Free Exercise

Well, this ‘Christians suing for right to be intolerant‘ thing is certainly a place where free speech rights (and the ‘free exercise’ clause and reason and religion and quite a few other things) get interesting, or difficult, or both.

Ruth Malhotra went to court last month for the right to be intolerant. Malhotra says her Christian faith compels her to speak out against homosexuality. But the Georgia Institute of Technology, where she’s a senior, bans speech that puts down others because of their sexual orientation. Malhotra sees that as an unacceptable infringement on her right to religious expression. So she’s demanding that Georgia Tech revoke its tolerance policy. With her lawsuit, the 22-year-old student joins a growing campaign to force public schools, state colleges and private workplaces to eliminate policies protecting gays and lesbians from harassment…The Rev. Rick Scarborough, a leading evangelical, frames the movement as the civil rights struggle of the 21st century. “Christians,” he said, “are going to have to take a stand for the right to be Christian.”

One problem with Malhotra’s claim is that it’s very disputable whether her Christian ‘faith’ does compel her to speak out against homosexuality. Other Christians don’t experience that compulsion, so that raises the question, is it really the Christian ‘faith’ that does the compelling, or is it something else that feels to Malhotra like her Christian ‘faith’ because she’s never thought to disaggregate her ‘faith’ from her ethical and moral views? And if so is this failure to disaggregate merely a way of dressing up nasty hatreds and yuk-factorism as something admirable and spirichual? My guess would be yes, that is what it is – but then that could just be part of my habit of religion-bashing.

As they step up their legal campaign, conservative Christians face uncertain prospects. The 1st Amendment guarantees Americans “free exercise” of religion. In practice, though, the ground rules shift depending on the situation. In a 2004 case, for instance, an AT&T Broadband employee won the right to express his religious convictions by refusing to sign a pledge to “respect and value the differences among us.” As long as the employee wasn’t harassing co-workers, the company had to make accommodations for his faith, a federal judge in Colorado ruled. That same year, however, a federal judge in Idaho ruled that Hewlett-Packard Co. was justified in firing an employee who posted Bible verses condemning homosexuality on his cubicle. The verses, clearly visible from the hall, harassed gay employees and made it difficult for the company to meet its goal of attracting a diverse workforce, the judge ruled. In the public schools, an Ohio middle school student last year won the right to wear a T-shirt that proclaimed: “Homosexuality is a sin! Islam is a lie! Abortion is murder!” But a teen-ager in Kentucky lost in federal court when he tried to exempt himself from a school program on gay tolerance on the grounds that it violated his religious beliefs.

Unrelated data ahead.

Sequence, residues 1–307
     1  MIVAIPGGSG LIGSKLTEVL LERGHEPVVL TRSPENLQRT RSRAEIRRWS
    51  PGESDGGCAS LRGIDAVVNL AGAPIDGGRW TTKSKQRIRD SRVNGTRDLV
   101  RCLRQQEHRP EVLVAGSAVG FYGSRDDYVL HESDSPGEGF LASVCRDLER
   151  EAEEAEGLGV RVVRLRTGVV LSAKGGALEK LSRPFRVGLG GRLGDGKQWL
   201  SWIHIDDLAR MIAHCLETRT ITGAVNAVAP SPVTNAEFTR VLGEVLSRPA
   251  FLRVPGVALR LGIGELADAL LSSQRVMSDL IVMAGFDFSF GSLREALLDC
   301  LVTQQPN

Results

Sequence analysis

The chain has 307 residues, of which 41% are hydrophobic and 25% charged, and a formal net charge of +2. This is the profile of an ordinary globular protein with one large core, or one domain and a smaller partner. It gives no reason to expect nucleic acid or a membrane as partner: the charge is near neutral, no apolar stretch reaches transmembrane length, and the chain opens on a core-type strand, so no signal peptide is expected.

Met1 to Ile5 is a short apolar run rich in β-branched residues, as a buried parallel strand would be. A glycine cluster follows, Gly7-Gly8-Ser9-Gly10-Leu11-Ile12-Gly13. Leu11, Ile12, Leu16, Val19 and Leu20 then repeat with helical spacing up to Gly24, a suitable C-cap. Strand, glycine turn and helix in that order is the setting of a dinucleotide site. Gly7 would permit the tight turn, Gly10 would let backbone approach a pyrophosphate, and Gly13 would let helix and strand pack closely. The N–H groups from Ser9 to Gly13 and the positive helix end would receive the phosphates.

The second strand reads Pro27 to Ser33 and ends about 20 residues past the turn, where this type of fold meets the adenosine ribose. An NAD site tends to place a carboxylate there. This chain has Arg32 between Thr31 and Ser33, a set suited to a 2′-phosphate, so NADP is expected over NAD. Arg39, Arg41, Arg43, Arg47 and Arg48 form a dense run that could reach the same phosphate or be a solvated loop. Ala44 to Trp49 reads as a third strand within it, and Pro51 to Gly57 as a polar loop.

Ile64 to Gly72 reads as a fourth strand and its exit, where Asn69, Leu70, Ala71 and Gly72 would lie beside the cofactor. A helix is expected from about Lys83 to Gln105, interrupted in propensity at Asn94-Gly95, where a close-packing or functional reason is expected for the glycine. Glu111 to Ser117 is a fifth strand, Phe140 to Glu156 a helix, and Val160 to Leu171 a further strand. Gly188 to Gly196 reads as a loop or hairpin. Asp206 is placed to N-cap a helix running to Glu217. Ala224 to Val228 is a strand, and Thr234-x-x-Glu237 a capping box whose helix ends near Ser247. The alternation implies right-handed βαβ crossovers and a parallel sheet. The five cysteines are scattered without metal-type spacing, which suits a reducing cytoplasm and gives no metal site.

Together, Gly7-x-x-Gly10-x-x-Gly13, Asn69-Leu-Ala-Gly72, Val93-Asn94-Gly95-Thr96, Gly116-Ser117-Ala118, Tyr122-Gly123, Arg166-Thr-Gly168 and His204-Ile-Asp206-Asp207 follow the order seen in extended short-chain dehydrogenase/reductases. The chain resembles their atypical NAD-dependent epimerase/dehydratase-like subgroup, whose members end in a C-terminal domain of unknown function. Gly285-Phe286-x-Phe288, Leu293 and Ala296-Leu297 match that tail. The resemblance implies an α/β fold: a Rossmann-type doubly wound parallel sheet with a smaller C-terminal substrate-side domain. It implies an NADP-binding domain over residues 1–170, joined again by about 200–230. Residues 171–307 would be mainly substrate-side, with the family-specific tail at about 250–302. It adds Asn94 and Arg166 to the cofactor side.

The ground rules shift depending on the situation. Don’t they though. That’s why these discussions of free speech and cartoons and Irving and Ellis and whatever the latest item is, are always with us.

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